Trauma patients involved in serious accidents are not getting proper care from hospitals, a leading UK watchdog body said on Wednesday. A lack of proper hospital organisation, poor medical response and inexperienced staff were found "in the majority of cases", the National Confidential Enquiry into Patient Outcome and Death (NCEPOD) concluded.
It found that most staff lacked urgency and failed to appreciate the seriousness of some severe injuries.
The independent body's report, "Trauma: Who Cares?", found that because most centres only dealt with just one case a week, skills were not up-to-date.
The NCEPOD seeks to assist in maintaining and improving standards of medical and surgical care for the benefit of the public by reviewing the management of patients, by undertaking confidential surveys and research.
Every year between 3,000 and 4,000 severely injured people are admitted to hospital.
Wrong decisions were often made and the level of care for patients was poorer at night, despite that being the time when most trauma cases are reported.
Trusts around the country should make trauma teams available around the clock, the report said.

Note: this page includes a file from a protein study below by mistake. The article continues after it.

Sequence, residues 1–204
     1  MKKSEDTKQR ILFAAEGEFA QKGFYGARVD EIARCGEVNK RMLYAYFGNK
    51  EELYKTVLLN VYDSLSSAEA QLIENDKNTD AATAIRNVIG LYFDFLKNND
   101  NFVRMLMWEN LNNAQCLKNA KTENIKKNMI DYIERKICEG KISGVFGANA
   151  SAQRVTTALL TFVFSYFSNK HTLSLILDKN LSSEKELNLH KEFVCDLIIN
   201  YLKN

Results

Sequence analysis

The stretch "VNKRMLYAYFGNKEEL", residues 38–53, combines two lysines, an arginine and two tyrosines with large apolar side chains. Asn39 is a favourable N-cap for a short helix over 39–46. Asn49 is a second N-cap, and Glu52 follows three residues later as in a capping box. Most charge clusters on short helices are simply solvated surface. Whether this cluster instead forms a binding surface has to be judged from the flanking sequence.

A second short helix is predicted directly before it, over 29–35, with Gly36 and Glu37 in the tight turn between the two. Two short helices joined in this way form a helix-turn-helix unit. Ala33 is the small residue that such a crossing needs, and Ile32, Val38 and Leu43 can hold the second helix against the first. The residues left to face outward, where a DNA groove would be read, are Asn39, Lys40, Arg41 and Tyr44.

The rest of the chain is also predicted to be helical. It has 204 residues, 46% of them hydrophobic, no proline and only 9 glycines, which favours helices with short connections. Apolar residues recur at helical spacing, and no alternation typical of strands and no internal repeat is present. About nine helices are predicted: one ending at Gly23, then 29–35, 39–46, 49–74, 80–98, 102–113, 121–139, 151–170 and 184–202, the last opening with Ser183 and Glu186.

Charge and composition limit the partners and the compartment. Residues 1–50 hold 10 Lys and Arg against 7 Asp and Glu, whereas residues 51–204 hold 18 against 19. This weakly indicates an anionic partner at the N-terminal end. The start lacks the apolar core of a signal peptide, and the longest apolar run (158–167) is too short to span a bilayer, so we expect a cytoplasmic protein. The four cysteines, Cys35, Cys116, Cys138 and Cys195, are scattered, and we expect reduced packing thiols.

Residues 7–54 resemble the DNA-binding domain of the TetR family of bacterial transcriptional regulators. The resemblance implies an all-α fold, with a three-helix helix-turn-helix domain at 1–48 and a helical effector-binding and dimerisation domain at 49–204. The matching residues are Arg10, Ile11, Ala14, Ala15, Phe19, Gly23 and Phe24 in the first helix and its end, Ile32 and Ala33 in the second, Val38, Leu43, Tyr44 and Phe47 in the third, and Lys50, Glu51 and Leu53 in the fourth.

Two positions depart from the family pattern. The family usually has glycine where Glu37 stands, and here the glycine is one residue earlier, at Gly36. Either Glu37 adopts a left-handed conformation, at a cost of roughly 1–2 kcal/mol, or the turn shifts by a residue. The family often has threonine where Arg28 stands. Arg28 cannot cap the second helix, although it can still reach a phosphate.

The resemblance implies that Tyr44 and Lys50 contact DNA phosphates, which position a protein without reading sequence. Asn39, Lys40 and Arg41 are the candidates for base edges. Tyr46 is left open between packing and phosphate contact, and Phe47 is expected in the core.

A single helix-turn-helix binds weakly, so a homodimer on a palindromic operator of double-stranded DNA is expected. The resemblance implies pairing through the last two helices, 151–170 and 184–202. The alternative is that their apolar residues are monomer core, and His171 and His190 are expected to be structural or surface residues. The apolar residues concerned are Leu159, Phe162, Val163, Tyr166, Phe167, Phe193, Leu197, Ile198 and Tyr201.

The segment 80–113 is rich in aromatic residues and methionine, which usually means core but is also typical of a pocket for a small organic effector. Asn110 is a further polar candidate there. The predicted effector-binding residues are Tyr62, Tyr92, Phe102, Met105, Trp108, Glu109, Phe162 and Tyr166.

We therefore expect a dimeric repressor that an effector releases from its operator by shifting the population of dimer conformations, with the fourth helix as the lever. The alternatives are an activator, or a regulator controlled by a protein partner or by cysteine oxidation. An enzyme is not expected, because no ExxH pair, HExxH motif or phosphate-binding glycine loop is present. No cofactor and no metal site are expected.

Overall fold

The report was based on the care of 795 emergency patients - 344 of whom got "good" treatment - from 200 hospitals in England, Wales and Northern Ireland.
The report's authors, many of whom are leading surgeons, said the findings were "concerning."
"The current structure of pre-hospital management is insufficient to meet the needs of the severely injured patient," concluded the report, one of the largest of its kind.
"The organisation of pre-hospital care, the trauma team response, seniority of staff involvement and immediate in-hospital care was found to be deficient in many cases."
It called for urgent and major improvements to be made to prevent unnecessary deaths in the future.
NCEPOD clinical co-ordinator, Dr George Findlay, the report's co-author, said health officials "need to look at how we can organise trauma care on a regional basis". His colleague and co-author, Simon Carter, said "significant improvements" were needed "in order to prevent the unnecessary death of young patients with its tragic consequences for families".
The health minister, Ben Bradshaw, welcomed the report.
The government has previously advocated establishing specialist trauma centres which campaigners claimed would see almost 30 hospitals closed.